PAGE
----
Time to Decide? Simplicity and Congruity in Comparative Judgment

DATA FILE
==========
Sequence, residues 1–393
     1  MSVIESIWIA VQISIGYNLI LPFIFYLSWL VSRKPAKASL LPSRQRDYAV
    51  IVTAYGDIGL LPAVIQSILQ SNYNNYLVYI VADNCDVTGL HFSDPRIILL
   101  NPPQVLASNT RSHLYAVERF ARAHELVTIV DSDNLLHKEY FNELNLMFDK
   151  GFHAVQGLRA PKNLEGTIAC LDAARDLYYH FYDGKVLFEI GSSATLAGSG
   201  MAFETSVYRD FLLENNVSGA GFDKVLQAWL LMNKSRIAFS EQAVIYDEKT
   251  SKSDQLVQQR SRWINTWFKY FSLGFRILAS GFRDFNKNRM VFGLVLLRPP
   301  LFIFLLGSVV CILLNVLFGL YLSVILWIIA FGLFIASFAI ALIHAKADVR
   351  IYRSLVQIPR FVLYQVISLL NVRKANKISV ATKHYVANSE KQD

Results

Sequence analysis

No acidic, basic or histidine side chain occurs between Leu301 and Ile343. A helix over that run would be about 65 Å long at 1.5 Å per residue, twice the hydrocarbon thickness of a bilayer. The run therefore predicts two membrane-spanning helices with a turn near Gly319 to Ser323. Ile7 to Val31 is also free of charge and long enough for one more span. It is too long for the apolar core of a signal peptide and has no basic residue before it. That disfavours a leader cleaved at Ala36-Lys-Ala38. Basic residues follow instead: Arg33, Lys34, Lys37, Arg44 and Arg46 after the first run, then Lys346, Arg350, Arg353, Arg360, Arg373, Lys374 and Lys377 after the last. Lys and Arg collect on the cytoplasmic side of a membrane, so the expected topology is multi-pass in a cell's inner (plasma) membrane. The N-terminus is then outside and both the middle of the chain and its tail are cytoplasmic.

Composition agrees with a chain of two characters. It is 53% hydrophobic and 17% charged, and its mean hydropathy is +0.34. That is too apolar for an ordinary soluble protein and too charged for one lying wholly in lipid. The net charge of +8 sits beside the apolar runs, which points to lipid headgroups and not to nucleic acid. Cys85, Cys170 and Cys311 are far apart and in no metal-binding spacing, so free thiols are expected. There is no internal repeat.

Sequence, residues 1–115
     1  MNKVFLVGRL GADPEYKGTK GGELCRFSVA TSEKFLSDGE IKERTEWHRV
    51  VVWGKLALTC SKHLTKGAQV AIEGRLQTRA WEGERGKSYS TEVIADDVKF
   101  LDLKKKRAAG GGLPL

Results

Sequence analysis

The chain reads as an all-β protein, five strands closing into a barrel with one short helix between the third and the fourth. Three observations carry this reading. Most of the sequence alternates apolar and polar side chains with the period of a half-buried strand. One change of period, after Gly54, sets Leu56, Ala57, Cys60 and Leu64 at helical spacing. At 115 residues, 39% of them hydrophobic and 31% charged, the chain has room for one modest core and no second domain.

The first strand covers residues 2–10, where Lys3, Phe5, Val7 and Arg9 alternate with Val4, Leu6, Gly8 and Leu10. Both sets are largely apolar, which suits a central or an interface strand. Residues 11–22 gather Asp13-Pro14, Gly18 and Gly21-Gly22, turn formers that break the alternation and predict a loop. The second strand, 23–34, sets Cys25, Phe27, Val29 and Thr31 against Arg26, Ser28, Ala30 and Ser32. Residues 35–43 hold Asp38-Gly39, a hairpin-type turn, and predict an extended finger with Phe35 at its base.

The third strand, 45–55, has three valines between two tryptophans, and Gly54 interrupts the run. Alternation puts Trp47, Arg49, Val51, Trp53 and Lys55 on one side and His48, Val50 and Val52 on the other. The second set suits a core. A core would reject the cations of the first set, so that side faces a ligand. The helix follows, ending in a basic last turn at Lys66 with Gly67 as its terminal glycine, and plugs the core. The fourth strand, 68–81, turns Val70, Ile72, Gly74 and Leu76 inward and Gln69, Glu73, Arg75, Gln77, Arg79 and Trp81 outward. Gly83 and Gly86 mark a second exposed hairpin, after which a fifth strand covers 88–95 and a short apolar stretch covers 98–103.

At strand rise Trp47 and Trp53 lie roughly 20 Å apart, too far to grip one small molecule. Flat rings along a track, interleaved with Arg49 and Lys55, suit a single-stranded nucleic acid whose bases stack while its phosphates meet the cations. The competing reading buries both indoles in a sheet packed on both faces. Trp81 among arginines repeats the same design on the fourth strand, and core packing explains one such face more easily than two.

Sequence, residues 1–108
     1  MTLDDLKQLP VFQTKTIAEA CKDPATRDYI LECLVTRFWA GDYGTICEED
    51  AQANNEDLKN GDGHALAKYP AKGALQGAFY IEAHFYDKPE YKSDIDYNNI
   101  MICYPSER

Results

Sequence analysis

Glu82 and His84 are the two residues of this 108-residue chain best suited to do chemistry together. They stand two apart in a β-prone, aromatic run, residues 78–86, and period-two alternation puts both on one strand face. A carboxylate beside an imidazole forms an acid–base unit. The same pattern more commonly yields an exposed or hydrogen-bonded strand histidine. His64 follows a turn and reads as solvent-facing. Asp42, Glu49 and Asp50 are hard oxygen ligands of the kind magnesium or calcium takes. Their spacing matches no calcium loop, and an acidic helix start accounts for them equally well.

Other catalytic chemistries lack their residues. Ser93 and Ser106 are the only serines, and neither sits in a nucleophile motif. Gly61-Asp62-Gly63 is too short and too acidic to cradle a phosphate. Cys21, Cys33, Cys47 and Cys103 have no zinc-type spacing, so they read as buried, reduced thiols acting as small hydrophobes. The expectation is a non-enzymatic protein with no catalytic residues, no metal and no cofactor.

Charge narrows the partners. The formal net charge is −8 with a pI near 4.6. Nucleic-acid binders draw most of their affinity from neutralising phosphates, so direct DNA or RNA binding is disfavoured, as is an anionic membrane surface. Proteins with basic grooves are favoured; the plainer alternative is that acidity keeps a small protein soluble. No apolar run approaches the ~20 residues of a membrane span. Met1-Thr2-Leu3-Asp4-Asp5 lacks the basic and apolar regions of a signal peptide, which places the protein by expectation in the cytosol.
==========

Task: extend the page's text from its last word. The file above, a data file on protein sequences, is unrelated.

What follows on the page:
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What is the relationship between magnitude judgments relying on directly available characteristics versus probabilistic cues? Question frame was manipulated in a comparative judgment task previously assumed to involve inference across a probabilistic mental model (e.g., “Which city is largest”—the “larger” question—vs. “Which city is smallest”—the “smaller” question). Participants identified either the largest or smallest city (Experiments 1a and 2) or the richest or poorest person (Experiment 1b) in a 3-alternative forced-choice (3-AFC) task (Experiment 1) or a 2-AFC task (Experiment 2). Response times revealed an interaction between question frame and the number of options recognized. When participants were asked the smaller question, response times were shorter when none of the options were recognized. The opposite pattern was found when participants were asked the larger question: response time was shorter when all options were recognized. These task–stimuli congruity results in judgment under uncertainty are consistent with, and predicted by, theories of magnitude comparison, which make use of deductive inferences from declarative knowledge.

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